“There are very, very few institutions globally that are completely need-blind and meet the full need of all students… The way they moderate how much they’re spending is [by] limiting the number of international students that they have on their campus. I think we’ve been very fortunate in the past seven years that we’ve been able to follow this category of being need-blind and meeting full need for all nationalities, but that is an outlying situation… So, [will it] change people’s perception of the college? I don’t think it will dramatically, because we’re not limiting the number of international students that we’re admitting,” Ms. Severin said.
Low-income students already face more barriers to attending Yale-NUS than other students, from having to meet the Student Effort Contribution (SEC) of $1,500 per year, to worries about fulfilling the Ministry of Education’s Tuition Grant bond after graduation. Students who previously had to pay the SEC were surprised this year when it had disappeared from their bill as an individual item, but rather, was merged with the expected family contribution. The new policy will skew the proportion of admitted students even further in favor of students from higher-income families.
“Campus culture is a significant determinant of student welfare of first-generation or low-income (FGLI) students, and socioeconomic diversity plays the defining role in shaping an inclusive college community. While the exact magnitude of the future demographic shift is unknown, the threat of a culture shift must be acknowledged and preempted. Given the subtle nature and relatively less public awareness of socioeconomic discrimination within campus culture, FGLI students face the risk of being alienated,” Ng elaborated.
Despite this policy change, Ms. Severin emphasized Yale-NUS’ ongoing commitment to diversity. “We are in no way going to disqualify students as soon as they apply [based on] the[ir] level of financial need. In fact, the admissions team will continue to review applications without knowing if the student requires financial aid and how much they require. The only point of assessment at the beginning is: is this the type of student that is the right fit for Yale-NUS? And it is at that point, after the student has gone through the entire process on the admissions side, that we see if we do have the financial resources to support that student.”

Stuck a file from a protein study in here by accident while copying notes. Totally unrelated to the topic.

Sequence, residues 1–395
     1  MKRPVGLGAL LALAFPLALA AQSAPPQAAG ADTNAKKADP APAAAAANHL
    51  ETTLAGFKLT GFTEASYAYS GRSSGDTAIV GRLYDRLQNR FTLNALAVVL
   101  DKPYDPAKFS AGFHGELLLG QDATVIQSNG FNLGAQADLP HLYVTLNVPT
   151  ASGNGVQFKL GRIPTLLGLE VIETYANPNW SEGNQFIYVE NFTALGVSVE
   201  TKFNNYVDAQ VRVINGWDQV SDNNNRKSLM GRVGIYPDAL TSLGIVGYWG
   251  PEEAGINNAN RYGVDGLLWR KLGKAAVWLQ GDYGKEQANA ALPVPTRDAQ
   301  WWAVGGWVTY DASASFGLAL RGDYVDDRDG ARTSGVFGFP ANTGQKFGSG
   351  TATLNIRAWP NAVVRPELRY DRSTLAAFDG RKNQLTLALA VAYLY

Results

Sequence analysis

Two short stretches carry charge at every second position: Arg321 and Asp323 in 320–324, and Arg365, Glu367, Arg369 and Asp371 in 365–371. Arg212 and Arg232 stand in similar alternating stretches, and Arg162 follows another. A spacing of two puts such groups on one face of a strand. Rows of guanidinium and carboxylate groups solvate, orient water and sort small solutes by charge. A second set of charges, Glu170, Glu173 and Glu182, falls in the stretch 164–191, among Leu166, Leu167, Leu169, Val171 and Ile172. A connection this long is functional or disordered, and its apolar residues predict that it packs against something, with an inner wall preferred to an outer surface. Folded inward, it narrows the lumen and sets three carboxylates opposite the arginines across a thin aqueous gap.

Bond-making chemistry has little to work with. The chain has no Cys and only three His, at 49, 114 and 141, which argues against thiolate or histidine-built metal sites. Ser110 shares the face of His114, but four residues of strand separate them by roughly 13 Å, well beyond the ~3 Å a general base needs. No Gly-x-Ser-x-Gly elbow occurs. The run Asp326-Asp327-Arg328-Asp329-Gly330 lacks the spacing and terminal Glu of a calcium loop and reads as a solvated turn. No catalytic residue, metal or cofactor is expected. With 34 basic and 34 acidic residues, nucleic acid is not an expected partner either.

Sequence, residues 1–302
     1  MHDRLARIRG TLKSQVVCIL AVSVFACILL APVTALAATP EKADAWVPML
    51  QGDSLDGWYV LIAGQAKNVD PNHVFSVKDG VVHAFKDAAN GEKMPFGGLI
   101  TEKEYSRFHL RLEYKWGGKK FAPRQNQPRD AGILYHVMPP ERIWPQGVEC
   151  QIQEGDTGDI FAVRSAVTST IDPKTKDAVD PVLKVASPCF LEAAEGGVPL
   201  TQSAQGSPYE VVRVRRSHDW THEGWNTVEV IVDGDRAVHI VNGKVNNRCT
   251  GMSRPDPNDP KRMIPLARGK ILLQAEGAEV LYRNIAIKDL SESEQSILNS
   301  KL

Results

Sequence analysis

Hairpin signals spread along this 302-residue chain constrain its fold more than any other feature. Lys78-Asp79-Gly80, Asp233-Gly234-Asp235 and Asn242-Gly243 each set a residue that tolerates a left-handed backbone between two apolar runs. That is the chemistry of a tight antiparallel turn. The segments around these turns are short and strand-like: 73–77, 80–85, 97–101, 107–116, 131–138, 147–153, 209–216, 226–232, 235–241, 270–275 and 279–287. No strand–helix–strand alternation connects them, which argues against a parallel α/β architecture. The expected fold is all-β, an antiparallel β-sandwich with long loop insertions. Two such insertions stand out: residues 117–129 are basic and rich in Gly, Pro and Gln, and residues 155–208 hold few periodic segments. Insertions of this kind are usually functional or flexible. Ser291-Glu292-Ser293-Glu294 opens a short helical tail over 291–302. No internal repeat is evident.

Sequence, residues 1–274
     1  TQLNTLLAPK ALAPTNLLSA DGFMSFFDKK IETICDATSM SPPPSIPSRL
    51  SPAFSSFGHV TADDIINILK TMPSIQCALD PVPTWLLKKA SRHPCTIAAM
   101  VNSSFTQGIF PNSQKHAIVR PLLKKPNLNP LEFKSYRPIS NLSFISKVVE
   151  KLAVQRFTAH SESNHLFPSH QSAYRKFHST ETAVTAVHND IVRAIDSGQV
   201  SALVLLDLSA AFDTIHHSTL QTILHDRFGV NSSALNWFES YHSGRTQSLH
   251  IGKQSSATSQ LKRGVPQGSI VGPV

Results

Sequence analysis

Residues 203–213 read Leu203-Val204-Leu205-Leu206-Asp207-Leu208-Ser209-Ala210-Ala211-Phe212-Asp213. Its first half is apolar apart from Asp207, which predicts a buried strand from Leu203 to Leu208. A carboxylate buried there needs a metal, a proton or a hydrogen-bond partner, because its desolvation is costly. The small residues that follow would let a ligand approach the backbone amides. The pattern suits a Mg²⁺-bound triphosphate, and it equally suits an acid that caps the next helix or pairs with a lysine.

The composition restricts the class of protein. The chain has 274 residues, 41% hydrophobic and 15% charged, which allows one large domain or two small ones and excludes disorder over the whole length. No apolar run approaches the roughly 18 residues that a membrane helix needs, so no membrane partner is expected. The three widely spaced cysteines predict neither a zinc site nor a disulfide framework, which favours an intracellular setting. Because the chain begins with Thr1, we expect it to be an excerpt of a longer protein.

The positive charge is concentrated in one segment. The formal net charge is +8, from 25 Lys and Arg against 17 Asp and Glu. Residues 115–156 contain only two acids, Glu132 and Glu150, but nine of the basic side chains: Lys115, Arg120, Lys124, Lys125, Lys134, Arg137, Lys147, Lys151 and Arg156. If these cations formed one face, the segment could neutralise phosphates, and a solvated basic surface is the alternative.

“We have never operated on quotas and we will continue to not operate on quotas. We’re not simply admitting individual students, we’re crafting a cohort of 250-ish students who are going to join the college… When we start to craft a class a lot of it is based on who [is actually in] the applicant pool that year. And the same will be true with financial aid. How many students will receive financial aid? We don’t know yet because it will depend upon who applies, their level of financial need, and as we start to allocate funds to individual students then we see how wide we can go within the budget that we have.”
The next challenge will be providing support for FGLI students, for which Ng proposed a few suggestions, “More attention and resources should be channelled to FGLI students across all student-facing offices. This can range from establishing official Dean of Students support programming for the FGLI community, such as FGLI-specific counselling circles, to the Centre for Teaching and Learning strengthening faculty teaching strategies to better include FGLI students. The Centre for International and Professional Experience can pay particular attention to engaging FGLI students for career development, while frameworks on socioeconomic inclusion can be incorporated into student organisation activities training. Finally, the college can work more actively with the InBetweeners Collective to strengthen the student-led FGLI community, and more regularly consult the StuGov’s new Committee for FGLI Affairs on FGLI needs and issues.”
As Yale-NUS continues to make tough decisions, the promise of diversity within the student body still holds, despite the financial constraints that it faces.